Sydney Kidnapper Had History of Instability

Australian Prime Minister Tony Abbott says that man who took more hostages in a cafe in Sydney was well known to local authorities.

Ben Ariel,

Police surround Sydney cafe
Police surround Sydney cafe
Reuters

Australian Prime Minister Tony Abbott said on Monday night (Tuesday morning local time) that the self-proclaimed Islamic “sheikh” who took more than a dozen people hostage in a cafe in Sydney had a history of “mental instability”, reports ABC News.

The man, identified by Australian media as Man Haron Monis, was killed by police during a rescue operation around 2:00 a.m. local time after a 16-hour standoff. Two hostages were also killed, authorities said.

Addressing the nation following the kidnapping, Abbott said that there is “understandably a lot of speculation” about exactly what happened and what prompted the incident, but he said Monis was “well known” to authorities.

Monis previously made headlines for sending hate mail to the families of fallen Australian soldiers, calling the dead murderers and child killers.

“He had a long history of violent crime, infatuation with extremism and mental instability,” Abbott said, according to ABC News. “As the siege unfolded yesterday, he sought to cloak his actions with the symbolism of the [ISIS] death cult.”

Earlier in the ordeal, hostages were made to hold up a black flag with Islamic text on it, similar to one associated with the Islamic State (ISIS), the terror group responsible for countless acts of brutality in the Middle East.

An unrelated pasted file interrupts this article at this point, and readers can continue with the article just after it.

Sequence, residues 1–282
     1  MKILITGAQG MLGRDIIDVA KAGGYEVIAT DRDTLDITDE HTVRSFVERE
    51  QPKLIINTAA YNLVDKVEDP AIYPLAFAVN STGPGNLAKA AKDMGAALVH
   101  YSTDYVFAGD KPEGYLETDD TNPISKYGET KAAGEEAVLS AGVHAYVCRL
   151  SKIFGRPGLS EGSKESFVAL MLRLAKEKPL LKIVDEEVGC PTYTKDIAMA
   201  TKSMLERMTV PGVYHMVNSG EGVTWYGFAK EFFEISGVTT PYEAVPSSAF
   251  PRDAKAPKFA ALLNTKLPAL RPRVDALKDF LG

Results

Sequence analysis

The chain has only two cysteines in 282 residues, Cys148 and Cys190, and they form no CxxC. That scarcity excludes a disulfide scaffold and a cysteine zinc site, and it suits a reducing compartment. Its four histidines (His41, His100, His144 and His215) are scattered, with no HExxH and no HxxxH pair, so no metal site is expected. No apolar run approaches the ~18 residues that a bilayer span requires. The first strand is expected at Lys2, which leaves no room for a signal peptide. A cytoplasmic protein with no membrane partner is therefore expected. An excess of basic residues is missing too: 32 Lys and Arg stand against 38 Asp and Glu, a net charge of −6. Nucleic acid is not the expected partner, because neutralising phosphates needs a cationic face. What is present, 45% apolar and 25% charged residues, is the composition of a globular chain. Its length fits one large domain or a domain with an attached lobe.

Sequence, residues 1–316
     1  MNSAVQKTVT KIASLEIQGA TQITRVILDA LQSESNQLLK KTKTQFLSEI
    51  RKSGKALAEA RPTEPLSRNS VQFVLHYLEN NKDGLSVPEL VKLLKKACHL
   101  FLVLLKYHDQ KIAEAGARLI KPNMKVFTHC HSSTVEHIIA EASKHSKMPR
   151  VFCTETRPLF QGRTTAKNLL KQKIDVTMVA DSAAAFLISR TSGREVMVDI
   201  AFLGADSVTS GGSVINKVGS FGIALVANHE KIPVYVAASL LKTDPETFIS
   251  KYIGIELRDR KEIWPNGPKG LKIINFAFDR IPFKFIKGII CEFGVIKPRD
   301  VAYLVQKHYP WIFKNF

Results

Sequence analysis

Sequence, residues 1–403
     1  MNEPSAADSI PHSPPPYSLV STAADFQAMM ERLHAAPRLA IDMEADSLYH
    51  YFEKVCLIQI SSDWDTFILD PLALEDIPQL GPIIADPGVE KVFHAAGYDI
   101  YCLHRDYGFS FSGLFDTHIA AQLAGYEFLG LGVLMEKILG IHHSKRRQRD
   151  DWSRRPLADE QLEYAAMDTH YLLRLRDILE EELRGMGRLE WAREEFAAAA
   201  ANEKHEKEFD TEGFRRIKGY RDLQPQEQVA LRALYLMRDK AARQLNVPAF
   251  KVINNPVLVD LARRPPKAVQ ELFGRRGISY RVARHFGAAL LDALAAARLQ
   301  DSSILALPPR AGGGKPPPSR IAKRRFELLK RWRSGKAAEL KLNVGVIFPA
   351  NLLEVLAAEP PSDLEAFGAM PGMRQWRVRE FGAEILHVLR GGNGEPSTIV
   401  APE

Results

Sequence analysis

In videos purportedly made inside the cafe during the standoff, hostages relayed Monis’ demands, which included a proper ISIS flag and having politicians declare the incident an ISIS attack.

Monis was born in Iran as Manteghi Bourjerdi and migrated to Australia in 1996, according to Australia’s 9News.

A website that appears to have been made by Monis or his supporters says these latest allegations are “in fact political cases against this Muslim activist, not real criminal cases.”

Australia, which is backing the United States and its escalating action against ISIS, is on high alert for attacks by radicalized Muslims or by home-grown fighters returning from fighting in the Middle East.

ISIS terrorism has recently been on the rise in Australia, with police arresting 15 terror suspects who were members of an ISIS cell that was planning to behead a random member of the public in a campaign of terror.




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